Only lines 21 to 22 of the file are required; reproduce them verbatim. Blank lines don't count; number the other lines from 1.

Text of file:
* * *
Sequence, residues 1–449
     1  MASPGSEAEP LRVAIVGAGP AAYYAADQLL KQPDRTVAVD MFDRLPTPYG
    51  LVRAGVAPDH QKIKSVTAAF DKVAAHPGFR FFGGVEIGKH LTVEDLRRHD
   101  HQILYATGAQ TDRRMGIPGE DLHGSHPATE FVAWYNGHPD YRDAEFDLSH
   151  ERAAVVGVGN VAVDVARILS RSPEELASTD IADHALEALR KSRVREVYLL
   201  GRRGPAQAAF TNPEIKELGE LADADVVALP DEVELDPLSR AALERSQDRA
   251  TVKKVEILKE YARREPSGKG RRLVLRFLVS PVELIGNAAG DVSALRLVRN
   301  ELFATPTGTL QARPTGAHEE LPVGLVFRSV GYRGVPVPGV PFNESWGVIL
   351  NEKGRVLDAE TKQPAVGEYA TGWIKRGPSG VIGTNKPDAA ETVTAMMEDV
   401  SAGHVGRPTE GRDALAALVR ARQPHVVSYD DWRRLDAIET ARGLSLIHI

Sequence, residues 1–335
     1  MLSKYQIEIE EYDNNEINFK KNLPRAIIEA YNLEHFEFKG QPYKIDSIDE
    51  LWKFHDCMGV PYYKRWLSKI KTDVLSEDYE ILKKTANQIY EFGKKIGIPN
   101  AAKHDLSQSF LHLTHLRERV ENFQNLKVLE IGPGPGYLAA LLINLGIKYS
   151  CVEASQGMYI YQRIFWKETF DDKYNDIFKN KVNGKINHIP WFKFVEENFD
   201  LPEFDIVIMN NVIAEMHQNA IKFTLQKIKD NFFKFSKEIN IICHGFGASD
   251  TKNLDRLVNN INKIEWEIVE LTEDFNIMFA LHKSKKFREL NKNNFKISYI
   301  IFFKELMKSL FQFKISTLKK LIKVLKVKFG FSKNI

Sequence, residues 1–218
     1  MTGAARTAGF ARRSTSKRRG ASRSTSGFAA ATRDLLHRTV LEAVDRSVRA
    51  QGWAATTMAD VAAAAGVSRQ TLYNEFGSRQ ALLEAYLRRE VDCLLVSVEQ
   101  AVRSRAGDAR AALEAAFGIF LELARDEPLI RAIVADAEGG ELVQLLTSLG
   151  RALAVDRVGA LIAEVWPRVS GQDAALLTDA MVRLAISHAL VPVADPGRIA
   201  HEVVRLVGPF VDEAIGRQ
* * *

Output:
    51  QGWAATTMAD VAAAAGVSRQ TLYNEFGSRQ ALLEAYLRRE VDCLLVSVEQ
   101  AVRSRAGDAR AALEAAFGIF LELARDEPLI RAIVADAEGG ELVQLLTSLG